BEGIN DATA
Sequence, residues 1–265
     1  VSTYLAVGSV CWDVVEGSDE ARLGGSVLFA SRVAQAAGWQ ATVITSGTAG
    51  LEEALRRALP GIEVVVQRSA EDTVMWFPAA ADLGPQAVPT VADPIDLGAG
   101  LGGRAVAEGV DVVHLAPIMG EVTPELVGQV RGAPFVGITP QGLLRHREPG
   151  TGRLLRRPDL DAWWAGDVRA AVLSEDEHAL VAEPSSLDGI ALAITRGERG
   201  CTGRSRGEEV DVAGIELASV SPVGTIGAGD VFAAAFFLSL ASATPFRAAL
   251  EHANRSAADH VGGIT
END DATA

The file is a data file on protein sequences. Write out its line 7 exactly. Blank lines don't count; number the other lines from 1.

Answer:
   251  EHANRSAADH VGGIT